Ideally, a cellular phone, with its one phone number, could be called anywhere in the world, wherever it happens to be, without the caller needing to know where it is. Unfortunately, the technological and organizational infrastructure is not quite there yet. When a phone "roams" out of its primary service area, it has to negotiate with the service provider in a new area for service. That service may be incomplete, for example allowing outgoing but not incoming calls. Charges may be exorbitant, and technical glitches may prevent smooth operation.

One candidate technology for solving these problems is a suite of global telephony services based on low-earth-orbit (LEO) satellites. One such project (now bankrupt) is the Iridium project, spearheaded by Motorola, and so named because in the initial conception, there would be 77 satellites. The iridium atom has 77 electrons. The idea is that enough satellites are put into orbit that one is always near enough to communicate with a hand-held telephone. When the orbit is low enough that a hand-held telephone can reach the satellite (a few hundred kilometers above the surface of the earth), the satellites move by fairly quickly. As a consequence, during the course of a telephone conversation, the connection may have to be handed off from one satellite to another. In addition, in order to be able to serve enough users simultaneously, each satellite has to re-use frequencies according to the cellular concept. To do that, it focuses multiple beams on the surface of the earth, as suggested by the following (somewhat schematic) picture:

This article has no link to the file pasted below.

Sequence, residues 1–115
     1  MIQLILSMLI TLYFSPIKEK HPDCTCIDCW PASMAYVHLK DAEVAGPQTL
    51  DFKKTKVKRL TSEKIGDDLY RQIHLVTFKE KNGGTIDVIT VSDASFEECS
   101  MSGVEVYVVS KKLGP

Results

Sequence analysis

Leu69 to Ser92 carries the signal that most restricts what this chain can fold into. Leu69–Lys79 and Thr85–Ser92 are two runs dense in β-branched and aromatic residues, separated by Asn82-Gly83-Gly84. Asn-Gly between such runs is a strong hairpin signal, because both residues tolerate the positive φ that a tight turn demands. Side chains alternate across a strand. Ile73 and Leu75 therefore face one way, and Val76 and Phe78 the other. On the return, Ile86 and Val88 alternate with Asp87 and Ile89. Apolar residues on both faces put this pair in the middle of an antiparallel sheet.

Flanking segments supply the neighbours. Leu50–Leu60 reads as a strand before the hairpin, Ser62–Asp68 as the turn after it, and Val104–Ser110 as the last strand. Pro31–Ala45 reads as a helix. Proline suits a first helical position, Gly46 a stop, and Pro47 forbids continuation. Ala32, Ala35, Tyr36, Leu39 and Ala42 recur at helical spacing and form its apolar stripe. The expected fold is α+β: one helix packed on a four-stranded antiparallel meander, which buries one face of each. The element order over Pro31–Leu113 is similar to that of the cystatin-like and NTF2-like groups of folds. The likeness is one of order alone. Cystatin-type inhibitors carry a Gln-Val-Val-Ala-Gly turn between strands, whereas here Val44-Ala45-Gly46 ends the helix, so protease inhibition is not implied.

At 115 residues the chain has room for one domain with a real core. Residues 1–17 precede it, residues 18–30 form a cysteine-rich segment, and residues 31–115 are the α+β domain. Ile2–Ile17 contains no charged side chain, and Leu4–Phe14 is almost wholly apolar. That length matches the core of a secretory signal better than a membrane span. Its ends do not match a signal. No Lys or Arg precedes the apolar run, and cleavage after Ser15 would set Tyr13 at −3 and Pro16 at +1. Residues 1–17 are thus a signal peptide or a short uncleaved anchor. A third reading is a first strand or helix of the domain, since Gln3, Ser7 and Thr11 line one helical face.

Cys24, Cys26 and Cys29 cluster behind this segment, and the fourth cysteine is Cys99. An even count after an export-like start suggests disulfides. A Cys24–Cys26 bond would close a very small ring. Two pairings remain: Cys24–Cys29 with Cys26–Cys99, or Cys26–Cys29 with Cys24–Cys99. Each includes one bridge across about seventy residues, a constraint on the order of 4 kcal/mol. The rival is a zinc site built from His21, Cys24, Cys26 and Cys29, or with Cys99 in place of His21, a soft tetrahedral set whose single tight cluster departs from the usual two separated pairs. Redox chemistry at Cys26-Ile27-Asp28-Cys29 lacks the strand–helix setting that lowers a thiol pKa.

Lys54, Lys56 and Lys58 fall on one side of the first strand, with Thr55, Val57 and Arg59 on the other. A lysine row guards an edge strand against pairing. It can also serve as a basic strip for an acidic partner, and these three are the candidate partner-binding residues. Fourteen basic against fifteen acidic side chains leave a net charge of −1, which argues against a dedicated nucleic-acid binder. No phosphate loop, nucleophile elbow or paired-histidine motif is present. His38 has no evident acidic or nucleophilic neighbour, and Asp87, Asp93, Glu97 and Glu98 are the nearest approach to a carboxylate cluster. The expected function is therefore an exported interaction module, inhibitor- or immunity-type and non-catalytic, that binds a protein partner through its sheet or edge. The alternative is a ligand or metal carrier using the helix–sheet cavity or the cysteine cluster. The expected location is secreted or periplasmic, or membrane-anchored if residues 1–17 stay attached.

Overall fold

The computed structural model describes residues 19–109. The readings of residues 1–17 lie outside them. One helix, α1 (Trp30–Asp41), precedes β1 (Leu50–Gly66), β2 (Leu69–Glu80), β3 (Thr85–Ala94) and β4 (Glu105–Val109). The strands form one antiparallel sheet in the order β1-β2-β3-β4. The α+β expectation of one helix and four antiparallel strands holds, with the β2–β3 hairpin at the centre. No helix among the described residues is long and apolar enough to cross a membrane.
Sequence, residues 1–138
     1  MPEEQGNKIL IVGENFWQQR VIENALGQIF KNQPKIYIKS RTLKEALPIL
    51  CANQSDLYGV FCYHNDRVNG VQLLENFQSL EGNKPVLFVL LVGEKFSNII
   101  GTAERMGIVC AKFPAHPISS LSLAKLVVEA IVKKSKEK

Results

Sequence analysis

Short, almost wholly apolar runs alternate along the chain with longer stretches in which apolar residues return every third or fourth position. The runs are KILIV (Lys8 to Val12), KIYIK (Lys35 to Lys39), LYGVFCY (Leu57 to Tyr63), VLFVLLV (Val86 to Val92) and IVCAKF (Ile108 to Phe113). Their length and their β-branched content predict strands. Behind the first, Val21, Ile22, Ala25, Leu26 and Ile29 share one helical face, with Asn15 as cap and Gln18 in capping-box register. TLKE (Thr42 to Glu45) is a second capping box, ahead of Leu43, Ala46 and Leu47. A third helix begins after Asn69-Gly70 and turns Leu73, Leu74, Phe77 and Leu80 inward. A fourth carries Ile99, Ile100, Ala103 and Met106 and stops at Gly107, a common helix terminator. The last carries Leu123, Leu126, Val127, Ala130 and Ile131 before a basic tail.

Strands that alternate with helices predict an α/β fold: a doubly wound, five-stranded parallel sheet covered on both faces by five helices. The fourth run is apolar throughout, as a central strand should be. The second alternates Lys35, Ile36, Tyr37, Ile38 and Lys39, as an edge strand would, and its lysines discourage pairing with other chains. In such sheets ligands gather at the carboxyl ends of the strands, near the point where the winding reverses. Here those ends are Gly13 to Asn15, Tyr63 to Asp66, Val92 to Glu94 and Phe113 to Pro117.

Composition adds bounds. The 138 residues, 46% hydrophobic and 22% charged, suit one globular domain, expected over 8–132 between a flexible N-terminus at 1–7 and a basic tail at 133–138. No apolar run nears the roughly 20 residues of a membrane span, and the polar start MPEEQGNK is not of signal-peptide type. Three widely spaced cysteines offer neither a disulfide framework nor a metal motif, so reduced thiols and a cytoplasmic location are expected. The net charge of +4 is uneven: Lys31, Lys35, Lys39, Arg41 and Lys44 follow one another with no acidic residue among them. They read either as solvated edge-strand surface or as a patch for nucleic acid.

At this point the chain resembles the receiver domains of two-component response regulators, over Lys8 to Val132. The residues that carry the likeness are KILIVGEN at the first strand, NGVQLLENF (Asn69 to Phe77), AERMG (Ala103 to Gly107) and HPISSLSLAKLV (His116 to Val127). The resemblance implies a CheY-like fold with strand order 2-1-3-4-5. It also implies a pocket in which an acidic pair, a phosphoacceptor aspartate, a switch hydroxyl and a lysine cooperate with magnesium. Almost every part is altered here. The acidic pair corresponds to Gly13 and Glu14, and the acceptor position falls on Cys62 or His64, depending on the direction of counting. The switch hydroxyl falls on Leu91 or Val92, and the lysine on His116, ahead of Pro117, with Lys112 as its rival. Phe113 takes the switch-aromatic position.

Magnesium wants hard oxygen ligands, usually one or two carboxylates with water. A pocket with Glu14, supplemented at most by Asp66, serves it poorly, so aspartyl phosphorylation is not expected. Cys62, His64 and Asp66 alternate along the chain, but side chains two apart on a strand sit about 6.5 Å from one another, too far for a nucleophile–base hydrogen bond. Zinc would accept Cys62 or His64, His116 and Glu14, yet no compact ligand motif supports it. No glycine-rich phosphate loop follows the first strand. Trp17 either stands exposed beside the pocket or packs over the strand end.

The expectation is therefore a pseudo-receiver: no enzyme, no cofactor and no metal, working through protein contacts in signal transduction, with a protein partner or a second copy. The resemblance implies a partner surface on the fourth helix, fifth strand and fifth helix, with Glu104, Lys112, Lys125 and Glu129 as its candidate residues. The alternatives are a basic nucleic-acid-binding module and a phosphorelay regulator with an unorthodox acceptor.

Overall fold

There is some debate about whether this approach is economically viable. The investment already has been huge, so the risks are high. Better networking of terrestrial cellular services may provide formidable competition. The LOS approach, however, has one advantage that terrestrial services cannot hope to match: truly worldwide service. The satellites are expected to provide service essentially everywhere, even in remote wilderness areas and at sea.

Digital Voice

Ironically, although telephony networks are designed to carry voice signals, they are almost entirely digital. Recall that modems enable such voice networks to carry streams of bits. To do so, they encode the streams of bits as audio signals with roughly the same technical characteristics as voice signals. We have ended up with a rather peculiar design, where bit streams are converted to voice-like signals and launched into a network that converts them back to (rather different) bit streams for transport. At the far end, these bit streams are converted back to audio signals, and the modem receiver then converts them back to bit streams again.

This strange design evolved. There has been progress to correct this by providing end-to-end digital service. The first such effort (in the sense of attempting to reach the largest number of customers), is ISDN (integrated-services digital network), which is now largely obsolete. In ISDN, the bit stream in the telephone network is made available at the endpoint, at the customer site. However, ISDN was designed 10 years before the internet took off, and due to sluggish market demand, was only very slowly introduced. As a result, by the time it was really needed (for internet access), it was old technology that barely outpaced voiceband data modems.

Today, there are two options, DSL and cable modems. "DSL," which stands for digital subscriber line, is similar to ISDN in principle, but with much higher speed access. Cable modems use the cable TV infrastructure instead of telephone lines to get to the customer site. The same cable is shared by many users (and of course, by cable TV broadcast). DSL uses the same telephone lines that already connect telephones to the central office, but replaces the line card at the central office. In both cases, a modem is needed at the customer site.